Personal Space


A one on one conversation with Joyce Vance

Since stepping down in January after eight years as U.S. attorney for the Northern District of Alabama, Joyce Vance has not slowed down a bit. If anything, her career has only taken on more prominence, as she continues to tackle issues that have long concerned her such as heroin addiction; becoming a distinguished visiting lecturer in law at the University of Alabama School of Law; and supporting her husband, Jefferson County Circuit Judge Bob Vance in his campaign for chief justice of the Alabama Supreme Court. Most visibly, she has become a frequent on-air legal analyst for MSNBC.

Vance recently agreed to join us for a cup of coffee at Octane in Uptown to share her views on the current state of politics and the law.

B-Metro: How difficult was it to get used to your new role as a commentator on MSNBC, putting your legal and political observations out to a nationwide audience almost daily?   

Vance: It was really an accident that it happened. When all the U.S. attorneys were fired this last March, I had a friend from inside the administration who wasn’t a U.S. attorney but had been asked to go on TV. He called me for advice and ended up saying, ‘You should really do this, not me.’ So I ended up saying a couple of quick things on the air, and I think they were so taken with someone from Alabama who spoke in full sentences, one thing led to another. I’ve worn more makeup in the last year than I have in the 56 preceding years.

B-Metro: At least they were looking for someone from Alabama to speak in full sentences. Sometimes it seems like…

Vance: There’s almost this mystique around Alabama in the country: ‘Alabama is last. Alabama is worst.’ So too often people seek examples that conform to that belief. And the truth is, we are not last. We are smart, we are strong, we are progressive—not in the political sense, but progressive in terms of creating a business climate. We have one of the best pre-K programs in the country that’s catching on. We’re doing some smart things with prison reform and criminal justice reform in this state. We’re a state working to transform itself. We have a long way to go, but we are so much better than the portrayal we get in the media.

B-Metro: Because so much of MSNBC’s content is political, you’re asked to weigh in on a lot of controversial topics. And obviously the country is very divided politically right now—are you optimistic we’ll get past that?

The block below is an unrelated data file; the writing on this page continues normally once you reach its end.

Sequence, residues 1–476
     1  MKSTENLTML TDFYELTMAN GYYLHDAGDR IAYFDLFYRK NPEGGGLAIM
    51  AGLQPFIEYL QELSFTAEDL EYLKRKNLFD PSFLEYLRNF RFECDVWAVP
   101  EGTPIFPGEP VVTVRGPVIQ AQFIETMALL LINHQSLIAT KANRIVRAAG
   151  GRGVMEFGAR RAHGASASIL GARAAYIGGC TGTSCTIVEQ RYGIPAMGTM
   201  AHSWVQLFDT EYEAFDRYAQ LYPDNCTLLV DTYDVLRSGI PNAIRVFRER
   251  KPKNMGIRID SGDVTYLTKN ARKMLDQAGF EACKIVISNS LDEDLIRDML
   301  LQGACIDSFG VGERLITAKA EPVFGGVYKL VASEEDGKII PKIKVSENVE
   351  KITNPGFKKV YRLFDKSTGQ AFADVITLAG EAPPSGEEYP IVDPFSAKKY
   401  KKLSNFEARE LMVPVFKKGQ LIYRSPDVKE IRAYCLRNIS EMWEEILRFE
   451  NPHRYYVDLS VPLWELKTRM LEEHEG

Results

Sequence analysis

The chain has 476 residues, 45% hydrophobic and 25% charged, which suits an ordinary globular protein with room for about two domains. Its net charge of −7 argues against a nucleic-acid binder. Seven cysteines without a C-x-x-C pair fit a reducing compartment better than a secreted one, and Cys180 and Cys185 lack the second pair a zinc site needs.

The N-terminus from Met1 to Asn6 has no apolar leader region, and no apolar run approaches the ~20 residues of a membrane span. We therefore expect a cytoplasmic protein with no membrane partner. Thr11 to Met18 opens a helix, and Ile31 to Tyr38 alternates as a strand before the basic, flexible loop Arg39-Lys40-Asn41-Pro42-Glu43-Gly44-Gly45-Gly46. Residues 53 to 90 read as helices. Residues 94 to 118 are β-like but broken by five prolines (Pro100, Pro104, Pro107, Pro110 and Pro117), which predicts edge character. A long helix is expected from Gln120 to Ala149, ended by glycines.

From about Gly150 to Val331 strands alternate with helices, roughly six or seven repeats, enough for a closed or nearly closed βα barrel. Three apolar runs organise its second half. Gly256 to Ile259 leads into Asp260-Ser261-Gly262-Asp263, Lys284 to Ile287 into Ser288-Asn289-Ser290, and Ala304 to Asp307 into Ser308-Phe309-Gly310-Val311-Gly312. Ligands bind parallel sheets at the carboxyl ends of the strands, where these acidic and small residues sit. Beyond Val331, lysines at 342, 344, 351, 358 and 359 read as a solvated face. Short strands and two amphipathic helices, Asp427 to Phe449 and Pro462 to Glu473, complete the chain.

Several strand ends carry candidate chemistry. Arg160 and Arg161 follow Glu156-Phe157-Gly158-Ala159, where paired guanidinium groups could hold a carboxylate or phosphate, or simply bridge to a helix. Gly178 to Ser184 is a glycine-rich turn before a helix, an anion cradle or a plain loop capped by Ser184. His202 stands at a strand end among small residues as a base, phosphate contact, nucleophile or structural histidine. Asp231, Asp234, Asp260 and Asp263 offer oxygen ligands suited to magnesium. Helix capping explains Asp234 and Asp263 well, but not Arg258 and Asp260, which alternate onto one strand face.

Vance: I’m optimistic, but I’m optimistic because a lot of people are working hard in whatever their area is to sustain the institutions of democracy. I count on the career ranks of dedicated employees at places like the Justice Department and EPA and Labor and Interior—people who are going to keep their heads down and do their jobs, and do them in a non-political way. Even if they’re under attack, those people are going to do the right thing. And that’s why I am so optimistic that we’ll survive.

B-Metro: How do we address the divisions between those who vehemently support the current administration and those who vehemently don’t?

Vance: Let me just say, we have to all support the president. Whether we like what he’s doing or not, you cannot root against the pilot of the airplane you’re flying on. I don’t like what this president is doing or how he’s conducting himself, but it’s the distinction between respecting the office and respecting the person, and I have deep respect for the office. That’s our leader. I don’t want him to crash and burn. If he does, we all do.

B-Metro: You have had your share of public attacks from those who disagree with your views. How do you deal with that?

Vance: Rush Limbaugh called me out the other day on his radio show and had very negative things to say about me. I don’t care. If I want somebody to make fun of me, I can just sit down at the family dinner table. I’ve got four kids and a husband, right? I don’t have to rely on Rush Limbaugh to make fun of me. But everybody’s entitled to their own opinion, so I understand people are going to say things like that if you expose yourself in the public. You just have to man up and be okay with that.

B-Metro: You received the Lou Wooster Public Health Hero Award from the UAB School of Public Health for your work fighting opioid and heroin abuse in Alabama. When did that become an important issue for you?

Vance: One of my kids had gone to high school here with a woman who died of a heroin overdose. She had been at school out of the country, and I happened to be having a conversation with (a local) sheriff the week after she died. I said, ‘It’s horrible—she was abroad studying and must have gotten addicted to heroin over there.’ This was a precious child, and a heroin overdose death was not in her future. The sheriff looked at me and said, ‘Joyce, she didn’t get addicted abroad. She got addicted here. I know who sold her the heroin that killed her.’ I was stunned. Ultimately we realized we had to bring the community together and build a partnership with the medical community, education and business, and (now) people all over Jefferson County are involved, because this is killing our kids. This is why we have government—to try to solve problems and touch people’s lives in meaningful ways. 

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